What do holiday family get-togethers mean to you? Eating? Or eating, watching movies or sports on TV, playing board games, putting puzzles together, and more eating? Those time-honored family pastimes are always fun, but let’s face it, you end up sitting a lot. And eating at lot. So we got together with fitness and health expert Marilyn McKenna to test a few video games that the whole family can play—and that involve moving around.

Marilyn trekked over to our offices on a winter day to play three games: Disney Fantasia: Music Evolved, Dance Central Spotlight, and Just Dance 2015. Watch the video to find out which one was her favorite.

The Playtest

Simone and Marilyn started out by playing Disney Fantasia: Music Evolved on the Xbox One for about half an hour. They competed to hit the right cues with gestures and rhythm—sort of like a musical conductor does. They found that when you really get into it—swing your arms in big arcs, punch hard toward the screen—the game “definitely gets your heart rate up.” Players can experiment with lots of different kinds of music, from classical favorites like “Eine Kleine Nacht Musik” to classic rock like Queen’s “Bohemian Rhapsody” to modern hits like Lorde’s “Royals.”

Next up was Dance Central Spotlight on the Xbox One. Marilyn and Simone really went to work on this game. The Kinect sees your whole body and shows you how well you’re mimicking the moves of the onscreen dancers. Upcoming moves are displayed, too, so you can keep up a little more easily. (Spoiler: Marilyn won this contest. She’s a good dancer!)

And last up was Just Dance 2015 on the Wii U. This game is upbeat and happy and it doesn’t take itself too seriously. Up to five players can play at once. One thing to watch out for is the platform. While the Xbox One (or 360) with the Kinect sees your whole body and scores you on your moves that way, the Wii U senses only the arm that holds the Wiimote. So theoretically you can move just your arm and still win. Nobody in Pixelkin’s test did that, but Marilyn and Simone did notice that their heart rates didn’t get as high with Just Dance as they did with Dance Central Spotlight.

The Takeaway

Before our play session, Marilyn had never played a motion game. Here are some of the reasons she ended up liking them:

  • They’re easy to learn. Even if you’re not doing everything right, you don’t have to worry about pressing buttons or learning combos. You just move your body!”
  • “They’re  fun. So often we forget how important fun and happiness are to our health. We’ve all known someone (and been someone) who started a new workout only to drop it after a week. Part of this is psychological—often when you make time in your schedule for a workout, you cut out something that you thought was fun or frivolous. But I don’t think anything fun is frivolous! It’s something that made you happy, so it was important to you! “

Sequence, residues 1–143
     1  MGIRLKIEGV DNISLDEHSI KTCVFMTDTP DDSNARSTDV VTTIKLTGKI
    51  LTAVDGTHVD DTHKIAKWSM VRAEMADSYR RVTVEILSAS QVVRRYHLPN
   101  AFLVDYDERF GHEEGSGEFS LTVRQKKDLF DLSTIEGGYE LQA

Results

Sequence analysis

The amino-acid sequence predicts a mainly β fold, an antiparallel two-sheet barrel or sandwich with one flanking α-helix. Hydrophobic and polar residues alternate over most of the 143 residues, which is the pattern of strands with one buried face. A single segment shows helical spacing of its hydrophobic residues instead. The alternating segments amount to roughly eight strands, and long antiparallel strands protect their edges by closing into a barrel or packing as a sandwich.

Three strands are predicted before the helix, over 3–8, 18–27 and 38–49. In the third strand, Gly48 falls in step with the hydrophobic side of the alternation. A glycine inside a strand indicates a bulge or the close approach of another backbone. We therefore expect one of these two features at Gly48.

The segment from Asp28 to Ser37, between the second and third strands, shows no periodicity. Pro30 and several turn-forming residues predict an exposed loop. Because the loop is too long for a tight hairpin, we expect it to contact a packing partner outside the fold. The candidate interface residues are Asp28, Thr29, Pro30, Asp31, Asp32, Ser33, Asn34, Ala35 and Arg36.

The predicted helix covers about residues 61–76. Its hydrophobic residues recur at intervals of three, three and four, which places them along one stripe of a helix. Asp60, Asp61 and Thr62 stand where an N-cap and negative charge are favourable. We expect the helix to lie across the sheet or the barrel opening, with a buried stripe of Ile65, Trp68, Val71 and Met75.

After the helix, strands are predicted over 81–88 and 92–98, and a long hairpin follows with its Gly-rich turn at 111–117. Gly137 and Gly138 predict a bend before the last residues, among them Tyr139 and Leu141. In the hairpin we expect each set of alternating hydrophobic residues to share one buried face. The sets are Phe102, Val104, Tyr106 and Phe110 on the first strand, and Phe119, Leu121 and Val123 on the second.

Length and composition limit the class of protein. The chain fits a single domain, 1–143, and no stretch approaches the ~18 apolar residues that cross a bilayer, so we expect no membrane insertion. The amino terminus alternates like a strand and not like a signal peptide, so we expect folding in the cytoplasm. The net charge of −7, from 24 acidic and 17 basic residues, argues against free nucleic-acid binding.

• “You can play them when it’s really wet and cold out.”
  • “Some of these games are capable of offering real health benefits: increased heart rates, improving vascular health, and energy expenditure equivalent to moderate-intensity exercise.”

We would add that games are good for motivating you in the short term. When you go to the gym you know what your long-term goals are: more stamina, stronger muscles, etc. But it takes a long time for those results to show up, and in the meantime you have to keep sweating away. Motion games can give you real physical benefits, but you get immediate positive feedback as well. Maybe that feedback is a great score, or maybe you unlock a fun new song or perfect a dance move. Motion games may not be the best thing for your hardcore workouts, but they can sure fill a niche in your fitness routine.


This article was written by

Linda learned to play video games as a way to connect with her teenaged kids, and then she learned to love video games for their own sake. At Pixelkin she wrangles the business & management side of things, writes posts as often as she can, reaches out on the social media, and does the occasional panel or talk. She lives in Seattle, where she writes, studies, plays video games, spends time with her family, consumes vast quantities of science fiction, and looks after her small cockapoo. She loves to hear from people out there. You can read more about her at her website, Linda Breneman.com or her family foundation's website, ludusproject.org.